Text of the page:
There are a number of pre-requisites before astronauts are admitted to ATV training. These include experience with the Russian Docking System (RDS), which is needed because the ATV will dock to the Russian Service Module Zvezda; and also experience with the American Inventory Management System (IMS), a barcode reader system similar to that used in supermarkets, which helps the astronauts find items on the Station and to keep it tidy.
Using the reader the astronauts scan the cargo 'out' of its location inside ATV and 'in' to the new location where it will be stored in the ISS. In this way, a computer can track the inventory on board the ISS and the astronauts do not have to memorize the whereabouts of every single item.
This system is invaluable since there is a full crew rotation about every six months. Imagine moving into someone else's house and trying to find a pair of scissors – only it is even more difficult in the Station since there is not such a clear boundary between the kitchen and the work area, for example.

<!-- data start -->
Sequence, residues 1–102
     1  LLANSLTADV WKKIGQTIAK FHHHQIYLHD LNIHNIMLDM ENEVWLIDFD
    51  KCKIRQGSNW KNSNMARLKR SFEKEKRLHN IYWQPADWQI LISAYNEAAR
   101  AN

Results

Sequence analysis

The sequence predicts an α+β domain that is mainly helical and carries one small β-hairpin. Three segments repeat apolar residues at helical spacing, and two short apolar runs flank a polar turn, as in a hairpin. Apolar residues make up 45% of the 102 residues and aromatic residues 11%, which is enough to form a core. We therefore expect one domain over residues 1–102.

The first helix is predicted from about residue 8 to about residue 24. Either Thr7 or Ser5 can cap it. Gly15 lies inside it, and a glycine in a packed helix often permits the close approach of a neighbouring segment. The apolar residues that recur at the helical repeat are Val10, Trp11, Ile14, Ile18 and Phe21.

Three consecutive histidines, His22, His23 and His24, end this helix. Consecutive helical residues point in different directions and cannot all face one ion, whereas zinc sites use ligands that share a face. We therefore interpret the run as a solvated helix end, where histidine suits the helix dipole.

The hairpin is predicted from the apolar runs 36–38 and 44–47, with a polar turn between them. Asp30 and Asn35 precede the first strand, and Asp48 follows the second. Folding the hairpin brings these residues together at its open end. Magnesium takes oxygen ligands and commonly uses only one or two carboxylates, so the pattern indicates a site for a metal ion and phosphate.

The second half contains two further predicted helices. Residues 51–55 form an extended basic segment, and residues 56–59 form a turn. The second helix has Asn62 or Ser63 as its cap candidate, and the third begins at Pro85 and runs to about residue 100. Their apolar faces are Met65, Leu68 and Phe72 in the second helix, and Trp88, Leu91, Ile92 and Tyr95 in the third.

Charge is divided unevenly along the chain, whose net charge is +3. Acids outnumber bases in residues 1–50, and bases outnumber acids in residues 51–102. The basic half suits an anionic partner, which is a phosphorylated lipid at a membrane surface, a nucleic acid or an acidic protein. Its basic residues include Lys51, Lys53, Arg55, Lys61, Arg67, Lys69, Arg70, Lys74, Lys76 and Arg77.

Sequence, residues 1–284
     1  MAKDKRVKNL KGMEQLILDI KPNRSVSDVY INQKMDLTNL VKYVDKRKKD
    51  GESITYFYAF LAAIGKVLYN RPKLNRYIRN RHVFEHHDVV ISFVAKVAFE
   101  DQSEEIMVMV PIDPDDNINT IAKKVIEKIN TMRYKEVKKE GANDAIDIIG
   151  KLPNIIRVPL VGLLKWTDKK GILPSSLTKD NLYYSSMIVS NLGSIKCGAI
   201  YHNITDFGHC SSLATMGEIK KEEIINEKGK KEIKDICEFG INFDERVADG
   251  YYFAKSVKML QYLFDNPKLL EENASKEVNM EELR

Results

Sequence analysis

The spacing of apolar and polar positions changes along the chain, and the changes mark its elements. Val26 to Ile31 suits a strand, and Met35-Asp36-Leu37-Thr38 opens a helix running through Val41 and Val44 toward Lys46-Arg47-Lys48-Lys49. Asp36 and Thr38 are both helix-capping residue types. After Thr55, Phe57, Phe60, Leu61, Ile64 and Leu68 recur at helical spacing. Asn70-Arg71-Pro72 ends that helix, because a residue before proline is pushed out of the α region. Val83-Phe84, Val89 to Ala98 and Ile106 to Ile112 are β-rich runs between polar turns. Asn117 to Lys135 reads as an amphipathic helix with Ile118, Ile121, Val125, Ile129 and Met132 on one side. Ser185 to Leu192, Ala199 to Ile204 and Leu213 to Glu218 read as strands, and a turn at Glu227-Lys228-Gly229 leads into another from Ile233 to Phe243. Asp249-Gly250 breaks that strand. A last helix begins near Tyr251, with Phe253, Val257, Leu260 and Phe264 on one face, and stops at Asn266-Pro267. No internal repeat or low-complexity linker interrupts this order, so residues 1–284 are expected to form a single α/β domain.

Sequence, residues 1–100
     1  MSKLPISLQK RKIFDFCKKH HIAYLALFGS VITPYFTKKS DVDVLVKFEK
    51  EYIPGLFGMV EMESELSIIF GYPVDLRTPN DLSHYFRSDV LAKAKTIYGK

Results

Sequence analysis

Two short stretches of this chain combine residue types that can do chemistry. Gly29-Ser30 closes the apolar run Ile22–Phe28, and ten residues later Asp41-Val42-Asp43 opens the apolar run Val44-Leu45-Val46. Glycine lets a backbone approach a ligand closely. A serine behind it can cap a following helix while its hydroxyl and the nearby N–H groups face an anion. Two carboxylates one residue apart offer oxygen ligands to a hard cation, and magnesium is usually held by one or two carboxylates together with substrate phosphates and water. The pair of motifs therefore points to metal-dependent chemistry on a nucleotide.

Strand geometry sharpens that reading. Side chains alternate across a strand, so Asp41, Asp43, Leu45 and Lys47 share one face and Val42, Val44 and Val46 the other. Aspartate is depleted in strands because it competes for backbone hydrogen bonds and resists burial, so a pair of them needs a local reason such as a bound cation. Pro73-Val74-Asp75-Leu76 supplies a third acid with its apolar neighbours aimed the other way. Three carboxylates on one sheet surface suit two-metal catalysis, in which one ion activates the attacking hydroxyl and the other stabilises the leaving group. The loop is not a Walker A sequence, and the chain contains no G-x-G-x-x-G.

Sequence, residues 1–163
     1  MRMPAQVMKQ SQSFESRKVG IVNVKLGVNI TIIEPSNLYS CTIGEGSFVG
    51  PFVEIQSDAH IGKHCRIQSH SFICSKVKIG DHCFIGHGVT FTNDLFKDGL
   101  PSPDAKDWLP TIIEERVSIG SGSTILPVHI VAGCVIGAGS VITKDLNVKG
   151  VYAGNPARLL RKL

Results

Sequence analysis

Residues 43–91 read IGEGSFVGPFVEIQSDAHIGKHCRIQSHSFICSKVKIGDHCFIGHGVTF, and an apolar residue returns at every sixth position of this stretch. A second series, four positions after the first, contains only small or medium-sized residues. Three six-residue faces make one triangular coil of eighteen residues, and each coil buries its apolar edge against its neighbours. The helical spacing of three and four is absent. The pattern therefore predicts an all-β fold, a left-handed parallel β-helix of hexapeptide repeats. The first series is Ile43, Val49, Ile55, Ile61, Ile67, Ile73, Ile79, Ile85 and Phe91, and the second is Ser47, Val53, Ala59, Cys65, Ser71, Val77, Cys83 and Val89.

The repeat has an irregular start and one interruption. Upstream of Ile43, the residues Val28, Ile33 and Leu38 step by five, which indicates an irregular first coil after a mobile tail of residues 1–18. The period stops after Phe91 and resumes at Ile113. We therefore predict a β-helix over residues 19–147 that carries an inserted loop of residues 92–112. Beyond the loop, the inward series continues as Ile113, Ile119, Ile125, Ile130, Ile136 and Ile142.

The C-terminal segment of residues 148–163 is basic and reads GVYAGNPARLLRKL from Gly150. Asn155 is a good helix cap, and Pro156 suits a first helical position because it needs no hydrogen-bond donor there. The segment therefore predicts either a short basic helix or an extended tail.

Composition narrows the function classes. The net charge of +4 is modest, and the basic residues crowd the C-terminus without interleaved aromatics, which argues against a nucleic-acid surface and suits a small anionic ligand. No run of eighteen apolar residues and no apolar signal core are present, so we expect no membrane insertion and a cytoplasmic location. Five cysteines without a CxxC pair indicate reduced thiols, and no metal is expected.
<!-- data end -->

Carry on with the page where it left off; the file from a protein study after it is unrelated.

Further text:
Prepared with this knowledge, ATV trainees start off with classroom lessons, which give them a general overview of what the ATV is, how it works and what happens during an ATV mission. This is followed by a first tour through the ATV mock-up. Here the astronauts can put into practice what they learned in class – an approach that returns throughout the training.
Before the astronauts can proceed to the 'real action' – such as how to dock ATV to the ISS, and how to supervise cargo transfer to the ISS – there is more classroom work to be done. The trainees attend lessons on the ATV's systems and its navigation sensors. These conclude the 'core lessons' – the basics about the ATV spacecraft and how it works.